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Building Better Brush Piles - Part 1

by Dr. Bruce Gabrielson

There are probably as many different designs for brush piles as there are Beaglers who build them. There are also probably many people who build piles with no attempt at design at all. For a brush pile to work, they should be designed to provide good cover for rabbits while at the same time allow for the ability to quickly flush rabbits, provide internal ventilation and be easy to maintain. Certainly this is a goal that many rabbit habitat builders attempt to reach. This article deals with one of the brush piles that has become the most popular design in my starting pen so far as rabbits are concerned. It is also one that meets the other goals of a good design.

Besides those connected to rabbit dens, I have three different designs that I personally maintain for the rabbits in my starting pen. This design is the largest takes the most time to create, but it also is the most likely place where I can flush older rabbits, plus it seems to be a magnet for small rabbits once they leave their den. I call this design the "Fort" since my kids liked to use it as a fort in the fall when they were younger.

Basic Design

Depicted in Figure 1, the design consists of a rough circular shape about 15 feet in diameter. The outer circle consists of cut logs and larger branches, many of which at one time formed the main part of the cover. During the early winter before we get a heavy snowfall, I evaluate my brush piles that need re-building. When a pile is to be rebuilt, the old branches are cleared to become part of the outer circle. Notice the shorter logs arranged perpendicular to the circle at one end. This is the permanent human entry way to the internal circle. The space between the logs is left open until the brush pile is complete, then another log is place across this entry point.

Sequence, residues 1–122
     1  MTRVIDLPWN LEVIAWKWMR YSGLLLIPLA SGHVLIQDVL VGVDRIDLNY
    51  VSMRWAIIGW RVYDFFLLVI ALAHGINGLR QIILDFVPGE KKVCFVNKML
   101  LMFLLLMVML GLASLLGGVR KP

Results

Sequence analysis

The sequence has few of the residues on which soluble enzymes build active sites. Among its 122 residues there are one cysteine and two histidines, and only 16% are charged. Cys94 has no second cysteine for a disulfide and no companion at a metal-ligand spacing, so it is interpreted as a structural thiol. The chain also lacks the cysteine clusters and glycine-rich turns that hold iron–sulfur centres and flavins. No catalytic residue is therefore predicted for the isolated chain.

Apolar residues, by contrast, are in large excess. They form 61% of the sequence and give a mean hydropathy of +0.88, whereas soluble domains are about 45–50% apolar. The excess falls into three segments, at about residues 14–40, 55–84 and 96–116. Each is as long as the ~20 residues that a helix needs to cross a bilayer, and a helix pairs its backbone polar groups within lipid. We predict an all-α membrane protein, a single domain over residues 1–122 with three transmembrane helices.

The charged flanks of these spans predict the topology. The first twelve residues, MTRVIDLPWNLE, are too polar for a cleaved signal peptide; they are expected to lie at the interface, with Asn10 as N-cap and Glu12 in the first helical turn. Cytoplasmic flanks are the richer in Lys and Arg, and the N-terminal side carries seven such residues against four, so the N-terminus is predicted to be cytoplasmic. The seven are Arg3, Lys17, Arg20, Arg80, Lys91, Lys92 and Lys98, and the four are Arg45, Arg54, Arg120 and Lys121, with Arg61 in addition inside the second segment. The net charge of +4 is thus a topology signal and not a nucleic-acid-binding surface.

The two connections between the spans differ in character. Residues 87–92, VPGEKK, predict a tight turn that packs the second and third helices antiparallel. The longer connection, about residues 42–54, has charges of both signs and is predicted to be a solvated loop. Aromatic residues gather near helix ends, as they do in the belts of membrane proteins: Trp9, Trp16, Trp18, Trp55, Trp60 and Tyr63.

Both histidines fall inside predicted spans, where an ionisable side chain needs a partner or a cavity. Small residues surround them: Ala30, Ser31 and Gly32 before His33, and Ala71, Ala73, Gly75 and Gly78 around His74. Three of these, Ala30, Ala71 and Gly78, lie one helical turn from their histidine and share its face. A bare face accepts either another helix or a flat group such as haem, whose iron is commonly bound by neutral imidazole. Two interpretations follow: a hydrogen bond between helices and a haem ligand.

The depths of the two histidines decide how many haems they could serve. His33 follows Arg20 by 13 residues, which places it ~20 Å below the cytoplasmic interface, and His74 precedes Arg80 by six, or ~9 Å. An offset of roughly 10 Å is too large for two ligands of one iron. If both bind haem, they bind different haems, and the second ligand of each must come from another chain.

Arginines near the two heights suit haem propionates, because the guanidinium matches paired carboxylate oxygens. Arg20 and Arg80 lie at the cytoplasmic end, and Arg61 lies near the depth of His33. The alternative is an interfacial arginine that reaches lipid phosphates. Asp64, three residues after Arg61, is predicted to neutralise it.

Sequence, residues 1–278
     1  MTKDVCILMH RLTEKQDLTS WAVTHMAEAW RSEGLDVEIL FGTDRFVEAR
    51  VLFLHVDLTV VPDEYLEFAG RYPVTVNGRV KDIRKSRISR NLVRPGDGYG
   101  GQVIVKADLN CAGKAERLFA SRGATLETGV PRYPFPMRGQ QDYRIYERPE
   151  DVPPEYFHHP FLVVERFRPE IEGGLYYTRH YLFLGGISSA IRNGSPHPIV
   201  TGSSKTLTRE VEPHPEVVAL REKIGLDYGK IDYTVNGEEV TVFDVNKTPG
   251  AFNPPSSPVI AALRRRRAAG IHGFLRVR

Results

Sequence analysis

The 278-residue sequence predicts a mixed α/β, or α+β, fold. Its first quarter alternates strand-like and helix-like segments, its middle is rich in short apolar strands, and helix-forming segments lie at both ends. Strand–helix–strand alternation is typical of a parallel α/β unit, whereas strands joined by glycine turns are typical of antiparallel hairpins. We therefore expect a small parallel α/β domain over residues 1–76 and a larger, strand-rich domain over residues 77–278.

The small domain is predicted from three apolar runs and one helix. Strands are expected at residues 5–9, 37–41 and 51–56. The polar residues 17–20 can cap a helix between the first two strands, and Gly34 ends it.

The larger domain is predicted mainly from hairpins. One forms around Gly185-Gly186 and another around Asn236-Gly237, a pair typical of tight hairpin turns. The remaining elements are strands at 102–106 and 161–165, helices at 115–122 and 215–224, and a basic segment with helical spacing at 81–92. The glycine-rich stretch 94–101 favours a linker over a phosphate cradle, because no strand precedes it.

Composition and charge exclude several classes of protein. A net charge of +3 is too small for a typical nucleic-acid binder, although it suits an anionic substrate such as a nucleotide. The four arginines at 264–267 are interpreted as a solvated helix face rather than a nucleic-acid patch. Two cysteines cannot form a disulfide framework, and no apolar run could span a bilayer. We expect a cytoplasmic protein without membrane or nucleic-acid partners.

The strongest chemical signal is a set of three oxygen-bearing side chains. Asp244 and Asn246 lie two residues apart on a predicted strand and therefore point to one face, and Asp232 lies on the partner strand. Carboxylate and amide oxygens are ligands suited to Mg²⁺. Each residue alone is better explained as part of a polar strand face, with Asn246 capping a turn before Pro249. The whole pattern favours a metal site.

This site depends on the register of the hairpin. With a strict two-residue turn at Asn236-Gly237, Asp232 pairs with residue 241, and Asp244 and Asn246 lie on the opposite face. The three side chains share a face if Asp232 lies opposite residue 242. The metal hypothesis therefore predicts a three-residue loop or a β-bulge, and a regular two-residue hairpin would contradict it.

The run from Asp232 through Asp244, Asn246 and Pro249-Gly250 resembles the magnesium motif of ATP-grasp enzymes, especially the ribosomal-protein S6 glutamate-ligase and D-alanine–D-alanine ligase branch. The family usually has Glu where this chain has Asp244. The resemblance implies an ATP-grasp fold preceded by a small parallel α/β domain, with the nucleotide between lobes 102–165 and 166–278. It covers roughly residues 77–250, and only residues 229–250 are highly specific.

Figure 2 shows the real circle ready to be re-built. I have cleared out all the old inner brush and moved to the outer edge logs that can't be re-used. The inner brush is easy to clear after a year or so of breaking down. If longer branches were used in the initial construction, clearing takes very little time. The blue piece of tarp in the middle of the circle will be explained later.

Raw Material

Where do my branches come from and how can I continue to get them? Shown in Figure 3 is the primary source branches for all my brush piles. In this area we have lots of trees that keep on growing after you cut them down. What you see is a stump that was cut about 1 ½ foot above the ground. A year of growth (or longer if needed) represents the many branches that are shown. These branches represent a continuing resource that can be harvested whenever I need to re-build one of my piles. Notice also the rabbit feeder in the background and the log pile (and hidden burrow) at the branch base. A later article will discuss feeders and some of the designs that work best.

If you don't have access to branches easily, I suggest you cut a small tree down to renew your brush piles each year and then use its branches. I've seen a few beagle clubs around that have very few trees left and need to rely on an annual Christmas tree gathering to keep their brush piles up. Christmas trees are very good thick sources of cover for piles, and can usually be obtained in quantity for free right after Christmas.

Internal Structure

Once the inner circle is cleared, I create a basic lattice of cut logs and either branches or boards as shown in Figure 4. I use logs that are about 10" to 12" in diameter for the support structure. The logs are arranged with about 9" to 10" of space between each end, and about 2 ½ feet spacing across. This design provides several access/escape points, plus allows the bottom of my pile plenty of air space.